When it comes to managing income as a freelancer, it can be a roller coaster. One month is champagne and caviar, and the next is 30 inventive mince recipes while maxing out the credit card, writes Fiona Hamann.
Budgeting is not my strength, so I have forced myself to do it right. Now I find that despite income inconsistencies month to month, my lifestyle doesn’t need to suffer. Now I am a few years into my system, I am comfortable to share it.
First and foremost, make sure you are charging a realistic rate, that will keep you on top of your bills and allow you to enjoy life. After all, most of us chose to go solo for the lifestyle benefits.
Charge what you are worth.
There was a time when I felt that I needed to undercut everyone else to do a job. I never quite plumbed the depths of Airtasker rates, but I erroneously thought client priorities were mostly about price. I had to work significantly longer hours to reach my income goals, so I set my rate correctly.
Get an idea of the going rate in your industry. A Google search can help. Some business sectors, such as writing, photography and public relations have handy MEAA rate guidelines to help. Sometimes though, you are more niche, more senior, or junior than the rate cards suggest so will need your own calculations.
Work out how much you need to live comfortably. That could be the full-time salary equivalent of an employee in the same role. While calculating an hourly rate might seem a simple division of desired annual income divided by the number of hours worked, that will leave you short. There are a few considerations you must factor in.
Consider your business running expenses and add that to your desired income. Include superannuation (10%) and any insurances you might need to pay. For example, if your desired income is $100,000, your business expenses are $10,000, and superannuation and insurances are $11,000. Your total “desired income” is now $121,000.
If you are looking at growing your business in the future, you will also need profit (after you’ve paid your salary), so add a margin on top. If you want to make a 10% profit, then your desired income jumps to $133,000.
How many hours will you work per week? Usually, that is between 37.5 hours to 40 hours. How many of those hours are actually billable? If you religiously take a one-hour lunch break, then subtract that from your weekly hours – though I am yet to meet a sole trader who stops for lunch.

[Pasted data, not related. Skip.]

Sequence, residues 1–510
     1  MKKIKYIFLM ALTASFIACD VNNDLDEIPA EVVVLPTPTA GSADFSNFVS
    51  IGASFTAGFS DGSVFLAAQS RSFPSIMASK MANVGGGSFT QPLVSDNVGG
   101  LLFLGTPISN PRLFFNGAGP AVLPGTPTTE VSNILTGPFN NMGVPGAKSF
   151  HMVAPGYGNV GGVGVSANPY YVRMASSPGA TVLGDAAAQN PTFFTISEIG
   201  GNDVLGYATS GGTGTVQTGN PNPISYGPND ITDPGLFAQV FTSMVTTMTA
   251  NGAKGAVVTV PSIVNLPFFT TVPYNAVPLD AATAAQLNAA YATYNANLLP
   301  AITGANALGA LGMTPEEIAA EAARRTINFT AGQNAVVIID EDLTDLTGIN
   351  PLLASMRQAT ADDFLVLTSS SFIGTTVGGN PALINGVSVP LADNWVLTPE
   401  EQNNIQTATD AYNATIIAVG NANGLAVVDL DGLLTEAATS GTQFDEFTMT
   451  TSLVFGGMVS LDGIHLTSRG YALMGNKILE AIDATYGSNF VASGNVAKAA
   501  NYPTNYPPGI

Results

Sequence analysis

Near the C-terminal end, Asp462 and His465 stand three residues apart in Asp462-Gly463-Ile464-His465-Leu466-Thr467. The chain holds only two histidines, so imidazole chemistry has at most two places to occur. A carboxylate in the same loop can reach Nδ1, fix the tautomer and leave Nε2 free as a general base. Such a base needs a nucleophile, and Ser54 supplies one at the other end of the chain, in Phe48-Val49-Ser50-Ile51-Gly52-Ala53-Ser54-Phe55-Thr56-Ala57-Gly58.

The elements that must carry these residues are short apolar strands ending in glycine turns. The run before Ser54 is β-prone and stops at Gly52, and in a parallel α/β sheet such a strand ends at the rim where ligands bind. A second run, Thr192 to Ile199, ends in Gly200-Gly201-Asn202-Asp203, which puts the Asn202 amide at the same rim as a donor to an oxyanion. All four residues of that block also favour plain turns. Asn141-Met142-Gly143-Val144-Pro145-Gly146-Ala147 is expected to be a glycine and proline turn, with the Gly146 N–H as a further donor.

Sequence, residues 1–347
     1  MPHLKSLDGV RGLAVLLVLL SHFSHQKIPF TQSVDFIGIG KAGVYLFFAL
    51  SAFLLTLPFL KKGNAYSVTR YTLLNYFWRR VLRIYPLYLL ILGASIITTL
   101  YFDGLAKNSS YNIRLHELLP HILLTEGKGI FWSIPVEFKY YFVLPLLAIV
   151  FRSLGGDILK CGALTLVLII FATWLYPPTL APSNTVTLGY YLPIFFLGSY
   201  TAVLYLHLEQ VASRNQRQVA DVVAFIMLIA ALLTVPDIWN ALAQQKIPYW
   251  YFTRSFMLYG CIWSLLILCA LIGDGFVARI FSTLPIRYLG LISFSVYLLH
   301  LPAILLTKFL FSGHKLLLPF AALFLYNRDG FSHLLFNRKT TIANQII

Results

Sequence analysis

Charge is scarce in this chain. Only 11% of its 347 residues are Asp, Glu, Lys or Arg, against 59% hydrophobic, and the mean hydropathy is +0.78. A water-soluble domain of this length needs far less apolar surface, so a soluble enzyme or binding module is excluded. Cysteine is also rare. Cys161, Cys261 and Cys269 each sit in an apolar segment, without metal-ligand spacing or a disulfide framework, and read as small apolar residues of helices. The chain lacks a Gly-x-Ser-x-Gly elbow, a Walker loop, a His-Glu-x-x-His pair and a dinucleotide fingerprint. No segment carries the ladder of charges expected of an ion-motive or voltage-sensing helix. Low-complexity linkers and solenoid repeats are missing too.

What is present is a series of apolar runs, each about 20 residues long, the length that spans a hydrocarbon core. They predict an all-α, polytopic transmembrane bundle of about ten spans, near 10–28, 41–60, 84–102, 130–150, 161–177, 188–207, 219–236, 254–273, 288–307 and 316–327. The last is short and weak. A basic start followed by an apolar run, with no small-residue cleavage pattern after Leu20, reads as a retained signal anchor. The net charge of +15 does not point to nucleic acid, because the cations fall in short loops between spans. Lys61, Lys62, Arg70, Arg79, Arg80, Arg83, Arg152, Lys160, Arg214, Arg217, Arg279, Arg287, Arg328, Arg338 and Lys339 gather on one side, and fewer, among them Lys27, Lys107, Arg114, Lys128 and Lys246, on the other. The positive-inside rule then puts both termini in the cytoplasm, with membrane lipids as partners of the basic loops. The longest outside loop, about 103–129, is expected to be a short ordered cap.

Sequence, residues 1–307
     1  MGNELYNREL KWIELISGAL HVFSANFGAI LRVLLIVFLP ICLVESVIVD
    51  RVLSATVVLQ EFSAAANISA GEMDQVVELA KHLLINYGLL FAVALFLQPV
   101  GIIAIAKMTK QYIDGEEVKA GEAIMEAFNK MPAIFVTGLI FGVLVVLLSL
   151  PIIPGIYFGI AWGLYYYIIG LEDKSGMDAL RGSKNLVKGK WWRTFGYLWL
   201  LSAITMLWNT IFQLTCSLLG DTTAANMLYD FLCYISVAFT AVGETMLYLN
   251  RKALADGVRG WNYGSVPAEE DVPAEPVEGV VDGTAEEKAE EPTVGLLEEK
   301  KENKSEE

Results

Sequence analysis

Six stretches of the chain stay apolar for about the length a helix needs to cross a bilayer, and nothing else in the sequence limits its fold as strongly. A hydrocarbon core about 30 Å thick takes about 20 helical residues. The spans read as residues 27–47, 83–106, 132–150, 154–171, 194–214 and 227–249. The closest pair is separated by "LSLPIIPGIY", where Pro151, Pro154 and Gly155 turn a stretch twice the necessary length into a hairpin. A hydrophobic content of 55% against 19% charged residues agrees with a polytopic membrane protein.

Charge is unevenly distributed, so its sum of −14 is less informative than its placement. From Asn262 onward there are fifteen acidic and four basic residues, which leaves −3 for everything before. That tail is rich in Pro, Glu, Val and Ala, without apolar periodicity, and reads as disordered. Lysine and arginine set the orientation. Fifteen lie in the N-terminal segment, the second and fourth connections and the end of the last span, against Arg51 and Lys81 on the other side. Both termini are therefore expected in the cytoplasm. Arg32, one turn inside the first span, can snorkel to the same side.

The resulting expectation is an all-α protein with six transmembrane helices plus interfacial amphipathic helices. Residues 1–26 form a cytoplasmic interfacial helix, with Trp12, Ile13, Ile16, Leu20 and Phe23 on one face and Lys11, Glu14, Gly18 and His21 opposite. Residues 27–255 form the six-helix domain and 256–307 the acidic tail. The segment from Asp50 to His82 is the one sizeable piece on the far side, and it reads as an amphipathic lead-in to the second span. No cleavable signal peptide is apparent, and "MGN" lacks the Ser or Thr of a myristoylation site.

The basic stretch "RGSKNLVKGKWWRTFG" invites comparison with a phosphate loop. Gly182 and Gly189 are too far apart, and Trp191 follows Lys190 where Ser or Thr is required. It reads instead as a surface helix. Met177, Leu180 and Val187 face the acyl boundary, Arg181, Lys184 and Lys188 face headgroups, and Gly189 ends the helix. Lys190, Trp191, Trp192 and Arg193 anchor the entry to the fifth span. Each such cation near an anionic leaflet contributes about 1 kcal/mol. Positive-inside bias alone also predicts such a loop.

Multiply that figure by 52 weeks to get 1560 billable hours per year.
Now take into account public holidays, annual and sick leave. Let’s assume public holidays are ten days, annual leave is 20 days, and sick leave is about five days. That’s 35 additional days (or 280 hours) you won’t be working. Subtract that from your annual hours worked (1560), which leaves you with 1,280 billable hours per annum. Divide your actual desired income ($133,000) by billable hours (1,280), and you get $103.00 per hour.
Had you merely done the first calculation of total hours (2080) divided $100,000 (desired income), without considering your expenses and leave, you would have been left charging yourself out at $48 per hour. Big difference.
Put aside money for tax as soon as you receive it.
It is tempting to spend all your income at once, but I can’t stress enough how important it is to put your tax aside before anything else, so you aren’t caught short by thousands at tax time.
I have a separate account where I immediately deposit GST collected and estimated tax.
My accounting app helps me with that, but I also pay quarterly instalments, so my BAS statement nominates a quarterly sum (useful if you don’t use an accounting app). Once deposited, I don’t touch this money until I need to pay the ATO. Nope – I don’t even look at it. Not my money.
Superannuation. Just Do It!
I also pay superannuation. Religiously. I never used to pay it. After all, there is no legal requirement for freelancers or sole traders to pay super and it can be a significant chunk of your earnings, but I realised there was a good chance that the creative mince meals for lean freelancing months might be replaced by tinned cat food in my retirement years (home brand).
If you don’t pay super but have an account or seven from your full-time employment days, check out the online calculators and see how much you’ll have to survive when you retire. Scary right?
Consolidate all your super accounts into one. Those funds whack you for fees. I chose a super fund that is in the top five performers and has lower fees, but also one that was really easy for me to deposit money into. I pay 10% of my earnings into super. Every. Single. Invoice. Like my GST and tax, I treat the money as if it was never there. I transfer it as soon as I receive it.
Expenses, emergencies, holidays
I have a big media quarterly subscription bill, so I set aside money for it each month. And if I charge my clients for the service, that portion of the invoice is put away immediately. I put it into the same account as my tax money.
I also put aside money into an emergency account. I can dip into it during quieter times if I need to pay for kids’ excursions and things that can’t wait. Ideally, you should aim to have a few months income locked away there, but that can take time.
I also have another account – and I love to check the balance of that. That is my annual leave accruals. I don’t religiously deposit into that, but as often as I can. I save all year for my holiday. It is a pleasure to deposit my money there. Next year we are planning a trip to Europe for the family. Happy days.
While it might sound like there’s not much left after that, it is enough to feed a family and also feel secure I can meet my financial obligations in the quiet times.
It took me years to come up with a system that works for me, but knowing that my finances are in some semblance of order gives me peace of mind year round.
Which reminds me – here’s 44 mince recipes.